There has also been some revisionist scholars who even go to the lengths of arguing the US actually won in many levels, arguing that the American involvement in the Vietnam War saved Southeast Asia from becoming completely Communist — hence the containment strategy worked out through different means.

The debate over the legitimacy of the South Vietnamese Diem leader continues on to our day and considering the recent reevaluations may present an opportunity to how the history writing shaped over the decades. Keith Taylor, a prominent revisionist within the Vietnam War scholarship, sparked the reevaluation of the role of Diem in the Vietnam War in an article written during 2004, entitled “How I began to Teach About the Vietnam War”. In this piece, Taylor aims to debunk three readily accepted truths regarding the war by many scholars. The first rhetoric he attacks is the idea that the widely accepted idea that there was no the noncommunist government in Saigon under Diem. Taylor explains that Diem was actually a competent leader with significant public support — hence, not a mere American puppet as he was depicted over the years. According to Taylor, Diem was actually a scapegoat for the frustrations over mismanagement of Americans within the conflict.

Diem, according to this a clearcut revisionist understanding, knew what had to be done for the South Vietnam’s survival, but his U.S. sponsored assassination cut this leadership era short from bringing actual results. The second axiom he takes aim at is the popular belief that the United States had no legitimate reason to be involved in the Vietnam War, putting emphasis on the international political context (Cold War and its repercussions) as a significant reason that must be analysed within a realist understanding. The third focus in his article is on the assumption that the United States could not have won the war under any circumstance, which Taylor frames almost as a nihilist perspective in hindsight.[19]

Taylor’s depiction of Diem and the US administrations clearly address orthodox scholars like Robert Buzzanco. In one of his articles (1973), “How I Learned to Quit Worrying and Love Vietnam and Iraq”, Buzzanco argues that Diem’s rule was full of corrupt activities that included promoting his family into high political positions, letting the black market of goods grow, and purging more than 6,000 army officers to replace them with loyal cadres. He claims that Diem has imprisoned over 40,000 political prisoners and executed more than 12,000, and his land reform was actually a takeover of 650,000 hectares of land, which denied peasants of their livelihoods. Buzzanco suggests that in fact, the South Vietnamese did not want American support especially regarding the assortment of their land and that the United States’ sole motivation was using the Vietnamese in an imperialist proxy war.[20]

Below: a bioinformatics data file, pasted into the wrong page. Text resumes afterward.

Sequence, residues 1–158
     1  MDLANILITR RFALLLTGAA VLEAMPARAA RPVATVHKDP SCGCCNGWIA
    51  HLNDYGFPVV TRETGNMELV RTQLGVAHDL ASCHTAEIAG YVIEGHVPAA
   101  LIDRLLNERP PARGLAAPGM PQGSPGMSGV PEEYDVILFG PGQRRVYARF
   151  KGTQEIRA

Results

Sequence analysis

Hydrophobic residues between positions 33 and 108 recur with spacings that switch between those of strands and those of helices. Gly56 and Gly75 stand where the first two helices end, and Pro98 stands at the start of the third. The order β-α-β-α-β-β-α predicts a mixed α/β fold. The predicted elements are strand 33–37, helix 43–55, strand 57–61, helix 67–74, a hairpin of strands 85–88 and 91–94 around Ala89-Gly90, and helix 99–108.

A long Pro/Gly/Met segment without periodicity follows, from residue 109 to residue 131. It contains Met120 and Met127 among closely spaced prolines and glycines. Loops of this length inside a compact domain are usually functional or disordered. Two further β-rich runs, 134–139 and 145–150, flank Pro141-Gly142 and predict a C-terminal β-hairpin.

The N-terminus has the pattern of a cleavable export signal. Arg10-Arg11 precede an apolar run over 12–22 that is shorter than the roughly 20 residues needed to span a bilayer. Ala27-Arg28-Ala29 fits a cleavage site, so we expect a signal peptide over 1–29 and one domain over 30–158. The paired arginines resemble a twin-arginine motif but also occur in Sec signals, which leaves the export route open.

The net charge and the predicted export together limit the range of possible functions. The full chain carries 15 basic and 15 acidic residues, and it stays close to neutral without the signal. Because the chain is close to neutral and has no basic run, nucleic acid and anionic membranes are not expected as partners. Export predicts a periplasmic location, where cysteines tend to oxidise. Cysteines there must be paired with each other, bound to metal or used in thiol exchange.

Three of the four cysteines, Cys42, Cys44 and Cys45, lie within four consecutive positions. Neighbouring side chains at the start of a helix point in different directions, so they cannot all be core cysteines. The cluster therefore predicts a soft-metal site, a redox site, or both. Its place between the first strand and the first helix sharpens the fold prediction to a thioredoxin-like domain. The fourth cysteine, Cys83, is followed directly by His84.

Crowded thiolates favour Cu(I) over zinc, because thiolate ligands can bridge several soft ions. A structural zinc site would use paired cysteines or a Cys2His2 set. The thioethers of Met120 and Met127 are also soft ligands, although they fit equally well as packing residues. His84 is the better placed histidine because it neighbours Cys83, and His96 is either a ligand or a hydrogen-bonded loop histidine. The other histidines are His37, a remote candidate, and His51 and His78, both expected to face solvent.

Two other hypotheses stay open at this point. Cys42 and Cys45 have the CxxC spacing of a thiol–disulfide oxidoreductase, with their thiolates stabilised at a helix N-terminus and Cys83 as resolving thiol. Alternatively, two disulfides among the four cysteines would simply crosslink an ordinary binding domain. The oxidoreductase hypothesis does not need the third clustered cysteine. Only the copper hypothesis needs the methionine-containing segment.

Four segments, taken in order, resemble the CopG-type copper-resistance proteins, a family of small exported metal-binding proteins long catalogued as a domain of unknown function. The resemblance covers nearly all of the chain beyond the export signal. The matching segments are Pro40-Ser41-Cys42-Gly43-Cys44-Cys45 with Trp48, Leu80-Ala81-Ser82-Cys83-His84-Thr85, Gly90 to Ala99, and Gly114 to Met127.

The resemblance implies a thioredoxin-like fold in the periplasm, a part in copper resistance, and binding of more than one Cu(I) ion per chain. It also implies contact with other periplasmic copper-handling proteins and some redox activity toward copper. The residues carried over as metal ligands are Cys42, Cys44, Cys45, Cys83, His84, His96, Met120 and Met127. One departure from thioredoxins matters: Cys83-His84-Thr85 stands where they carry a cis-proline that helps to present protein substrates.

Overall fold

Historian Edward Miller, in his work (2006) “War Stories: The Taylor—Buzzanco Debate and How We Think About the Vietnam War” evaluates both sides of the debate within the framework of the results of Diem’s rule. Miller disagrees with Buzzanco’s harsh depiction of Diem as a mere American puppet with no local agenda other than upholding Western imperialism. Miller depicts how Diem actually lacked interest in the American proposal of the land reform and pushed for his own ideas of land distribution in South Vietnam.

Contrary to the American proposal of completely dispensing landlord’s property, Diem planned to redistribute land to his people by transporting thousands of peasants to Land Development Centers in less populated areas of South Vietnam. Miller, within his work shows that, Diem, however sponsored from abroad, was indeed genuinely trying to modernise South Vietnam and had less dependency upon the United States than it is widely accepted. Framed within a “Vietnam Studies” notion, Miller’s work does not completely endorse Taylor’s given that it does not clearly aim to legitimise the American involvement in the conflict.[21]

Land Reform on the Mekong Delta: Understanding The Landscape[edit]